1) There are situations when a stark choice is indeed presented. In my own research group, I often encounter situations I have to choose between grad students with different potential on paper to spend a certain pot of money. Just a few weeks back, I had a grad student applicant from a high-ranked university who wanted to pursue just a masters degree versus another applicant from a not-so highly ranked school who wanted to do a Phd (guess whom I picked). From discussions with administrators, they too have similar choices quite frequently. Sometimes, they have a pot of internal funding for a certain area/project, that they use to leverage into an additional chair for instance, instead of disbursing it more widely by having an internal competition. For experimental research, infrastructure is crucial and in Canada, CFI grants are the primary mechanism of obtaining said infrastructure (even more so now that NSERC RTI has gone away). Each university has a certain allocation with CFI, and administrators have significant discretion in how they use these allocations. In the realm of research ideas./projects, in previous blog postings, you have stressed the importance of not gambling with one’s early research career i.e. pursue high risk ideas together with low hanging fruit. However such is often not realistic when working with limited funding personnel/students and a choice must be made.
        2) I agree rankings are important just differ about the right method to get there. Specifically, I believe thinking longer-term is superior to going after quick short-term gains. I do have a problem with universities trying to take the short-cut by poaching superstars to get an immediate lift. Going back to your original scenario, I side with the coach. When the bench strength is weak, the addition of a Maradona will be disruptive rather than helpful nine times out of ten says me. But I also see how once the broad base of players have been made stronger (better skills, training, fitness), there can be a threshold where addition of stars can bring about rapid yet sustainable improvements. On the flip-side, judging when such a threshold is achieved can be disturbingly subjective.

      • Massimo Says:

        There are situations…

        Of course there are, I did not mean to prove a theorem, and even in my post I leave the door open to exceptions. But here at UofA exceptions have managed to become the rule, and that is not good for many, many reasons. We are at a point where we run perfunctory (borderline ridiculous) “searches” whose outcome is all but certain from the very beginning, and which end up with internal hires, or hires in which one candidate has an obvious inside track. And the funny thing is, we act as if the outside world will not raise eyebrows or go “hey, wait a minute…”

        As for the distinction that you draw between short and long term strategies, I think it is a red herring. The situation you describe is exactly that in which the Napoli football team was when Maradona first arrived. Ask any expert if in their view his arrival was “disruptive” to the team. The team risked relegation the first year, because it was a bad team, and Maradona could not by himself compensate for the downright mediocrity of the rest of the players (but without him they would have been relegated). His presence however made it possible, in the years that followed, for the property to recruit much better players than they could have, had Maradona not signed on, and that is what ultimately led to them winning their first two titles. They would not have won them by using the money initially invested to recruit Maradona to give a pay raise to the bad players they had to begin with.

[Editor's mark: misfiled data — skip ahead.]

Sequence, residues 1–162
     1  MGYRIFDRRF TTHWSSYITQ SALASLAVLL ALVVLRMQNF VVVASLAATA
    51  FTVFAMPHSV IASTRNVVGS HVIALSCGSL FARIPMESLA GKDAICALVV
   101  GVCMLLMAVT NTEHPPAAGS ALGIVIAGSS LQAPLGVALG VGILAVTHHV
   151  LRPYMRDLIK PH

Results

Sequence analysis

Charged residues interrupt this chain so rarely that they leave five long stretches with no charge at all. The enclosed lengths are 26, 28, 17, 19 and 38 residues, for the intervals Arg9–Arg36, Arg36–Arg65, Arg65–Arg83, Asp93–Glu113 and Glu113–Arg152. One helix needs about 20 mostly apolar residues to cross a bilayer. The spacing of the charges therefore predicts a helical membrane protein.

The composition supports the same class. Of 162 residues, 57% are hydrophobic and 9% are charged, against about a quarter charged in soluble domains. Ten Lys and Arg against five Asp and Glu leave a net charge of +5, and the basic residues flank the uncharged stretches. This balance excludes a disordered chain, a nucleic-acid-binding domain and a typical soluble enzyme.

Let us talk about academia. In 1992 FSU, a very unassuming physics department, recruited Nobel laureate Robert Schrieffer. Was he at his productive peak ? No. Did he individually do a lot for the department ? I do not think so, but in any case I think it is fair to say that his individual contribution was marginal. However, i was there, and trust me when I tell you that the graduate program not only significantly increased its size following his arrival, the level and quality of graduate and postdoctoral applicants, as well as the level of the faculty whom they could recruit also improved dramatically. In a matter of five years after recruiting him, the department got itself on the map, ask anyone. To say that this had nothing to do with that high profile hire is disingenuous, in my opinion.

        Do things always work out as well ? No, of course not, it is always possible to screw up, but if you want to get better you need better people, I am sorry, there is no way around that.
        And that is where the analogy with football breaks down, because whereas a player must work for the team, scholars work for themselves, the team benefitting only indirectly. Bringing on board someone with a high profile, who will run an internationally acclaimed research program and attract students, postdocs and other faculty who would not be coming otherwise is always a good thing — never disruptive (other than to our egos and desire of being big fish in a small pond).

  5. uknowitassoonasivegotapermanentposition Says:

    It’s nice to see that some people are concerned by the problem of ‘comfortable mediocrity’. As an eternal postdoc that had to face the humiliation of ‘Sorry, can’t work with you’, I must say that reading this post made me feel less lonely.
    To help you make your point, here is some football (soccer) info.
    FC Barcelona, the best team in Europe for the last five years (at least) is owned by 155,000 end-users called socios. And they have had their Diego (Leo Messi). It seems to me that their policy is to take the best possible player whatever his ego might be. Sometimes it doesn’t work (Ibrahimovic) but most of the time it works very well.